Career musicians are at risk of growing jaded, of becoming immune to the charm of the sounds that once inspired them to a life of song. But Ronnie Milsap, who turned 71 last week and who has been making records for 51 years, is equal parts adoring fan and adored recording artist.
...His forthcoming album, Summer Number Seventeen, finds him revisiting some of the songs that thrilled him as a younger man, as he reworks "It's All in the Game," "Tears on My Pillow," "I Can't Help It (If I'm Still In Love With You)" and others. The title track is a new song that recalls youth's raw wonder.
The album is far from traditional country - Milsap has long thrived by ignoring genre distinctions, and he jokes that the old-school pop ballads of Summer Number Seventeen put him in direct competition with crooner Michael Buble — but certainly no farther than much of today's contemporary country radio fare.
...In the meantime, Milsap plays shows at the Grand Ole Opry and on the road, and he spends time at home with his wife, Joyce (he calls her "Joycie"), with whom he'll celebrate a 50th wedding anniversary next year. And he listens to music, old and new.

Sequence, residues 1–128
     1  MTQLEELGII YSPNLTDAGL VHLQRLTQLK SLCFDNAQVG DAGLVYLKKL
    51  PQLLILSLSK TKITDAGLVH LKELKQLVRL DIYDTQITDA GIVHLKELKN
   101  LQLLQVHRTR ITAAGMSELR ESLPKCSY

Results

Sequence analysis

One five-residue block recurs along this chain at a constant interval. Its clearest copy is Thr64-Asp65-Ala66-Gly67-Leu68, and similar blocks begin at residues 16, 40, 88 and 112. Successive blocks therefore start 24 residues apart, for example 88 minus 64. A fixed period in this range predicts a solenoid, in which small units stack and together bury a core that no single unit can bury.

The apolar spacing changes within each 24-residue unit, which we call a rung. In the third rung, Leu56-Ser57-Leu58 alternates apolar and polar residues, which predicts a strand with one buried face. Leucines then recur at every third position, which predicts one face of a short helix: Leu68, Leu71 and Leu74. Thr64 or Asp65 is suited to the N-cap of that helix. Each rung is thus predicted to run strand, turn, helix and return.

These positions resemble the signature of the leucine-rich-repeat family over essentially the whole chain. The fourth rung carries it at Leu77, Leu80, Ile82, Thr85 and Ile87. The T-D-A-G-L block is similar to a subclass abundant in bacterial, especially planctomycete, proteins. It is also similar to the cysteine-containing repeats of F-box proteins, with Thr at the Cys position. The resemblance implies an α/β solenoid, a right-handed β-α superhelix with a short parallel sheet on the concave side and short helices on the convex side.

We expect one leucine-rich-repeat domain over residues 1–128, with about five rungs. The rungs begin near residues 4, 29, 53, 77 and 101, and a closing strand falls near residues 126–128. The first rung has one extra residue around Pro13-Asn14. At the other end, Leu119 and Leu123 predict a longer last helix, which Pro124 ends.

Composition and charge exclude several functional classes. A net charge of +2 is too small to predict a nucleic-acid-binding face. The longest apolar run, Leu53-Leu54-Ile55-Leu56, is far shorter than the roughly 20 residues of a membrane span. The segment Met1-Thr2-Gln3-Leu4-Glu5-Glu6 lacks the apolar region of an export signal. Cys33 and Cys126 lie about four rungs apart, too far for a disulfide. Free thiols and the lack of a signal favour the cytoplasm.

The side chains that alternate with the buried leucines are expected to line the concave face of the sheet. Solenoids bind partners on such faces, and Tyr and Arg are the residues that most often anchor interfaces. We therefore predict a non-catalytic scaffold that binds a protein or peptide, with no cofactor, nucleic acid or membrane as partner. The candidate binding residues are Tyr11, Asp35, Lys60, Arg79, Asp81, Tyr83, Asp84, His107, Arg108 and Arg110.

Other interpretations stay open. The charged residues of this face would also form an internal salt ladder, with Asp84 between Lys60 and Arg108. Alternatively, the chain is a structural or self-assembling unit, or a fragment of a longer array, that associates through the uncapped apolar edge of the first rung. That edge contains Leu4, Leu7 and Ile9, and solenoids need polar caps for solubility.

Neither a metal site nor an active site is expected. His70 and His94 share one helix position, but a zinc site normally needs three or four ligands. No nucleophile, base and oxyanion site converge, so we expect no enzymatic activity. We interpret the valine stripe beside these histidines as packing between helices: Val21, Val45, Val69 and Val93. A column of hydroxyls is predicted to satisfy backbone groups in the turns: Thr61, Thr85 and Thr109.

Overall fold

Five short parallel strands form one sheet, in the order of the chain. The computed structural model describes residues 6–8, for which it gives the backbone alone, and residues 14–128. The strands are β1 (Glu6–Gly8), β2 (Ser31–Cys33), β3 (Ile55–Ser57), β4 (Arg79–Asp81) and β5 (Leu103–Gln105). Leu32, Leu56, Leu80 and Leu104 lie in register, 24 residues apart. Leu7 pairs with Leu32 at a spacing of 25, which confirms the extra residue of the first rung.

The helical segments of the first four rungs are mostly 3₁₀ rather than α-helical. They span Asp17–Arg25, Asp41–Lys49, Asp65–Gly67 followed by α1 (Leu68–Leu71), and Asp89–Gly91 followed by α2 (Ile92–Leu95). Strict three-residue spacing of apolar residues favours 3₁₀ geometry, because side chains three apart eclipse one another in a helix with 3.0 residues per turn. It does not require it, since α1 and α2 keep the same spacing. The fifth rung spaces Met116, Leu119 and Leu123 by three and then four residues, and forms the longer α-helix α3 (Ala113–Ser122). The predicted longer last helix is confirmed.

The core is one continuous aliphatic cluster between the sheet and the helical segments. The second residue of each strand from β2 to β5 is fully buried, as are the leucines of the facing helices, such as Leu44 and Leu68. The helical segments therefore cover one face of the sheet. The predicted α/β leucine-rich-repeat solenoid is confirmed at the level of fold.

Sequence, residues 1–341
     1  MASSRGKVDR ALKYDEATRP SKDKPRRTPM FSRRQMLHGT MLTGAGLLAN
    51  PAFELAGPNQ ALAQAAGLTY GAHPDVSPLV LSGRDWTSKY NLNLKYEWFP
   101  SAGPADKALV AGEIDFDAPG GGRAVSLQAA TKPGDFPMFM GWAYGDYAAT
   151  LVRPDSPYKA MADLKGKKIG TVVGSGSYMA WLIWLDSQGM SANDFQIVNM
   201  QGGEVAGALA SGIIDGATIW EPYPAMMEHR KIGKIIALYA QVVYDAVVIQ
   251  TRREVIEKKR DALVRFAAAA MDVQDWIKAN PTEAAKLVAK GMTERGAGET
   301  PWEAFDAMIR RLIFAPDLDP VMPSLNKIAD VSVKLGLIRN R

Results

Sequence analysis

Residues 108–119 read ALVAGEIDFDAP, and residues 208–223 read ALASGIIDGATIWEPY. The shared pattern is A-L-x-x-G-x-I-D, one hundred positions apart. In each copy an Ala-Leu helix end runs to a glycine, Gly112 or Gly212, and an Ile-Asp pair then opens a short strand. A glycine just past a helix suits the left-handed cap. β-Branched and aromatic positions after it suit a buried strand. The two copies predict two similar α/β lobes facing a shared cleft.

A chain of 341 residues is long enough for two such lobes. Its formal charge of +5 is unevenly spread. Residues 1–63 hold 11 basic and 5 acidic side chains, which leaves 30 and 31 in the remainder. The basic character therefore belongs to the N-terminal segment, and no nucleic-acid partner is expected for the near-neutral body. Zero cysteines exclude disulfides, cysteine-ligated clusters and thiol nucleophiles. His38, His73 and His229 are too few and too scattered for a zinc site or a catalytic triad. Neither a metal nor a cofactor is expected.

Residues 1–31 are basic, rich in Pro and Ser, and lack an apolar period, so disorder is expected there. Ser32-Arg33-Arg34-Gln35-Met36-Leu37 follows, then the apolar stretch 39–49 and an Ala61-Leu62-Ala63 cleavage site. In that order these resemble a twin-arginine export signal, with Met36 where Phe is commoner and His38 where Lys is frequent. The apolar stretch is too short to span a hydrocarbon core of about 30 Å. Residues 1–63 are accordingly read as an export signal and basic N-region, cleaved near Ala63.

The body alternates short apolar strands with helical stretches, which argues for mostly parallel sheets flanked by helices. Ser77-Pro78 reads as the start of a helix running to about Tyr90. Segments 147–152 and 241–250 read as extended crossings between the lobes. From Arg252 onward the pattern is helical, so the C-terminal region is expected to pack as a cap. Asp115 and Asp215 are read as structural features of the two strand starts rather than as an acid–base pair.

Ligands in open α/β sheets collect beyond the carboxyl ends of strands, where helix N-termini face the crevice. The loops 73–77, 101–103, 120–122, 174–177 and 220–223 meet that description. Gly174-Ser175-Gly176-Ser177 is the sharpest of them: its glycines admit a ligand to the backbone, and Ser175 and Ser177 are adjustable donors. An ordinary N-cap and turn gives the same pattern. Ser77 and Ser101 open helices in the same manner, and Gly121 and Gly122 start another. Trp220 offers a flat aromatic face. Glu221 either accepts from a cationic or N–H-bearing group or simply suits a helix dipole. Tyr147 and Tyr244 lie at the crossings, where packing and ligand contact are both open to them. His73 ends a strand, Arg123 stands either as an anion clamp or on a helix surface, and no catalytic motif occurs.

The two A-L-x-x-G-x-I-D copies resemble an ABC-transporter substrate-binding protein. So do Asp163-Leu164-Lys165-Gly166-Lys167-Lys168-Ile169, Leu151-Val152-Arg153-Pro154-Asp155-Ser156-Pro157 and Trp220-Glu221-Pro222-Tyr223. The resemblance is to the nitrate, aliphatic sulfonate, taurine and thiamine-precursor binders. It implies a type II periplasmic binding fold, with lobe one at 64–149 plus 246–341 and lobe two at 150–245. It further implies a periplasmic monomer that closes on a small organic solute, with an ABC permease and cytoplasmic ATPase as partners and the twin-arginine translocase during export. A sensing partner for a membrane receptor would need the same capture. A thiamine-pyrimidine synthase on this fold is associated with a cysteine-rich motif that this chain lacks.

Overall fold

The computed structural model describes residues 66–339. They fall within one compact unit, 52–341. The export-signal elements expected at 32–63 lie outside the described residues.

One recent living-room afternoon, he talked about the sound of Ray Charles' voice, and about how moving it is for him to hear Larry Cordle sing one about a life in music, "Black Diamond Strings." Cordle sings about learning to play, about formative influences and about the unmitigated joy of expression.
"I do feel for the music," he says. "I always have."
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Photo credit: Steven S. Harman/The Tennessean